EGYPT, strongly affected by the world oil slump, is negotiating with the International Monetary Fund for a certificate of economic good behavior. An agreement is expected by the end of the year. Once certified, so to speak, Egypt intends to renegotiate and reschedule its loans from the United States and other lenders. Egypt surely needs - and deserves - the help.
The oil slump has not only cut Egypt's own oil revenues; it has also brought millions of Egyptians who had been working in oil-rich but people-poor Gulf states back home. This has naturally cut the remittances these native sons abroad send home. Thought to be at least $3 billion a year, such remittances are a major source of foreign exchange. And the return of these mostly young men has added to the population pressures in this land of some 50 million, with a million more added every 10 months.
Tourism, largely from other Arab countries, which a few years ago was just beginning to realize its potential, has been in a slump, and Suez Canal fees are down.
It all adds up to major macroeconomic problems, including $35 billion in foreign debt and a shortage of foreign currency.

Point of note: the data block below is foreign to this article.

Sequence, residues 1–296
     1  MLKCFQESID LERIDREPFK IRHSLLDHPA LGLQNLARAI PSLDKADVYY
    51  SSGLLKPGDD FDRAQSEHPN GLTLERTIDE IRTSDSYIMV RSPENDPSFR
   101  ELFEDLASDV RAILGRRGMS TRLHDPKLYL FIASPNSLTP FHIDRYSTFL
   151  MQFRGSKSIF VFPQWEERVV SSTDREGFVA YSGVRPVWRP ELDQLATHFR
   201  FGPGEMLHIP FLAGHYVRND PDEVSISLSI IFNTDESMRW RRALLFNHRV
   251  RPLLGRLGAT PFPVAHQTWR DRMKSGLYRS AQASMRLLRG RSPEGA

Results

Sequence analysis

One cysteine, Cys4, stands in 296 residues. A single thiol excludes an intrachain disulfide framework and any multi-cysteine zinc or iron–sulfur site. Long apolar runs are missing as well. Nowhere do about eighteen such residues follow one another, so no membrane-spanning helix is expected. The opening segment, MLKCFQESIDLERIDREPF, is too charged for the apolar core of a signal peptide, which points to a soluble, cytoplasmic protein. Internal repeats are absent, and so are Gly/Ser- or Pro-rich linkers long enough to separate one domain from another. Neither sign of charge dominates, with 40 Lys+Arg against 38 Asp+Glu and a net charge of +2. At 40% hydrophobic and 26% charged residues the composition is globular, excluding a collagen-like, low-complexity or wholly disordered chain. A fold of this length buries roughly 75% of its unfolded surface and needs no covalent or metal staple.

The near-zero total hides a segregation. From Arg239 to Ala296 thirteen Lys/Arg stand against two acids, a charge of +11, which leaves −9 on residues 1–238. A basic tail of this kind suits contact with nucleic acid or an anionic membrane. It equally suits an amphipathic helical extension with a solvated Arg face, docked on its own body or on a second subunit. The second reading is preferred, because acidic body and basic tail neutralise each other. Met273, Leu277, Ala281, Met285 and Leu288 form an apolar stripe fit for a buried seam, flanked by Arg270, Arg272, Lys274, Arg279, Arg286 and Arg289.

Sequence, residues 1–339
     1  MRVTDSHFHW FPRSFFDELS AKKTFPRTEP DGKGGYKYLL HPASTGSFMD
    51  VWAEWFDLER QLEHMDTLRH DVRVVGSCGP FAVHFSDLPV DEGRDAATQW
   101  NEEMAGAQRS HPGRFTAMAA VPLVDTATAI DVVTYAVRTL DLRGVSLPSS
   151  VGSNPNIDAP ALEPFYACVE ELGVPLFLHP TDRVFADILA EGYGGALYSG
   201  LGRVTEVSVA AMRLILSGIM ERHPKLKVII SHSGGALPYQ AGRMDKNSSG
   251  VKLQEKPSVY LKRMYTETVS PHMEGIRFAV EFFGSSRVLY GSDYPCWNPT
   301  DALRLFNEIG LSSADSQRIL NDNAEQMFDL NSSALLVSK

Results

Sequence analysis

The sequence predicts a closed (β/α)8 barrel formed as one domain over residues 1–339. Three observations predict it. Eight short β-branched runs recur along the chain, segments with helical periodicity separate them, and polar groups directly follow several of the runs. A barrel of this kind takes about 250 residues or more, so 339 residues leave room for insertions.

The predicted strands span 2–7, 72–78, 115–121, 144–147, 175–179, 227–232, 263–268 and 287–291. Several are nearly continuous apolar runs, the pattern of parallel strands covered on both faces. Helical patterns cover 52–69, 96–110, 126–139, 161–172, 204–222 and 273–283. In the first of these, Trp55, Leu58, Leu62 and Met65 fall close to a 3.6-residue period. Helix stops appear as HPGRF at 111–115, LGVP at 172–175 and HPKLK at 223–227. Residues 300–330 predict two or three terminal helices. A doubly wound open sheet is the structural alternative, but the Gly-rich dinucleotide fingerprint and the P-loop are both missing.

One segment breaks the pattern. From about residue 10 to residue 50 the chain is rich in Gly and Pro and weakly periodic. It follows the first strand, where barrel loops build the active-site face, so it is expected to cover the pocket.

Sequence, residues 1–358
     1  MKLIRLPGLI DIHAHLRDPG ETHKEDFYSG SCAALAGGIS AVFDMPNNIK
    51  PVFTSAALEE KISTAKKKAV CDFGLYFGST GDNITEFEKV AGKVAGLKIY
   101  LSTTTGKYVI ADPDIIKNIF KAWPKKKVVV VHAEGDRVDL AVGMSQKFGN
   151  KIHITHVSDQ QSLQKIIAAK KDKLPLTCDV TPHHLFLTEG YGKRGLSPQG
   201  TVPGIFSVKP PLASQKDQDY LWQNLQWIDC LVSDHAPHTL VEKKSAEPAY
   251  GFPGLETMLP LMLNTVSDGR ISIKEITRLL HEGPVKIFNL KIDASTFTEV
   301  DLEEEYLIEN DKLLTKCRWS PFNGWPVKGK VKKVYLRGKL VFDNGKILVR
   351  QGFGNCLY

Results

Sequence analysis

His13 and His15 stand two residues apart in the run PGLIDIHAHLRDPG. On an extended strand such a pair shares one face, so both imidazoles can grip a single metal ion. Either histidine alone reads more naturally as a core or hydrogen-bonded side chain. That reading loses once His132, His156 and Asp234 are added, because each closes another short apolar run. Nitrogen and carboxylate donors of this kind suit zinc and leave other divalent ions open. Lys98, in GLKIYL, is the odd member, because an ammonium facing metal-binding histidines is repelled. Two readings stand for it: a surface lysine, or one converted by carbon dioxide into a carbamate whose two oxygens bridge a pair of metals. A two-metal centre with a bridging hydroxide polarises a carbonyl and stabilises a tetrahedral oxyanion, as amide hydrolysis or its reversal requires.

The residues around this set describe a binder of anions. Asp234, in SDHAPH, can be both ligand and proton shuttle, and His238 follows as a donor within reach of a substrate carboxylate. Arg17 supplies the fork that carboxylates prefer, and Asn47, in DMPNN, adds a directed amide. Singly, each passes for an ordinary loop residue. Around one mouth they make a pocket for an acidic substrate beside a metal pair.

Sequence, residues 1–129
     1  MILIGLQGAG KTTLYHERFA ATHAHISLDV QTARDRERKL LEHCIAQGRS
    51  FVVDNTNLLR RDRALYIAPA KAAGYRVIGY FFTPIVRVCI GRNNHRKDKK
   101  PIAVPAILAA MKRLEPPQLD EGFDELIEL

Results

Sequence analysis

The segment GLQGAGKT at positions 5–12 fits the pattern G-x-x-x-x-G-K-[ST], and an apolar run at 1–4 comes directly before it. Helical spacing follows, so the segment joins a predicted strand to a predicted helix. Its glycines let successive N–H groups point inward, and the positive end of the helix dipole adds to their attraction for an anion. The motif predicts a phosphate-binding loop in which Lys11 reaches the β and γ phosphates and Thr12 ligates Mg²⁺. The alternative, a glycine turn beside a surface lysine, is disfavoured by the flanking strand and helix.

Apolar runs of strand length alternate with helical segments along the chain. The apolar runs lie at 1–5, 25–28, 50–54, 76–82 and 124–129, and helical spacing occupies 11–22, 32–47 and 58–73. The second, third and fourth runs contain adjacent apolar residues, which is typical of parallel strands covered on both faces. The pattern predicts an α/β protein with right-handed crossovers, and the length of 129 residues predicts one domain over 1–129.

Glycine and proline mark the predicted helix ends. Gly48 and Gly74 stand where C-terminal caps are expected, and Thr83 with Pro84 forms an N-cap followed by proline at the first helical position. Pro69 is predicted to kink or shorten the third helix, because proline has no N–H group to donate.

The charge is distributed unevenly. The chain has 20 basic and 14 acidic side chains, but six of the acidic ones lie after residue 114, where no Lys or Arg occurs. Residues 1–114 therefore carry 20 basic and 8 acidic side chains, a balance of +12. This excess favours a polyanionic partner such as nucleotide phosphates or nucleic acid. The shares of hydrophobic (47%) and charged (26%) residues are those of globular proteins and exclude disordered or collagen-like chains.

This is unfortunately not the sort of problem the average Cairene in the street, trudging to market, relates to. Egypt must import about half of its food, and about a third of the national budget goes to subsidize foodstuffs such as rice and the flat brown bread that are staples in the local diet. President Hosni Mubarak, mindful of the riots that broke out when his predecessor, Anwar Sadat, let bread prices rise in 1977, must proceed very carefully if he tries that tactic again.
But Egypt doesn't want to let the burden of austerity fall entirely on the middle class, either. The possibility of an Islamic fundamentalist backlash against the government also demands alertness.
Like many other developing countries, Egypt faces the challenge of balancing internal pressures with external ones to keep from either collapsing or exploding.
Many of the loans in question are from the US, for military sales at the time when Egypt left the Soviet sphere of influence to seek military aid from the West. Other loans are for infrastructural improvements - power stations, water and sewer systems, communications, transportation - that were postponed during the long years of war and almost-war with Israel. Surely this is the sort of investment in the future that lenders should encourage.
Egypt is a valuable part of the Middle East. The US has had ties there off and on since the Suez crisis of 1956. More recently, its treaty with Israel was a major first step toward peace in the Middle East. For all its economic and other challenges, Egypt is a haven of calm compared with Libya next door, which has replaced Israel as Egypt's principal military threat.
And as a developing democracy, Egypt deserves Western support. The international lenders need to be sure they support, rather than complicate, its economic balancing act.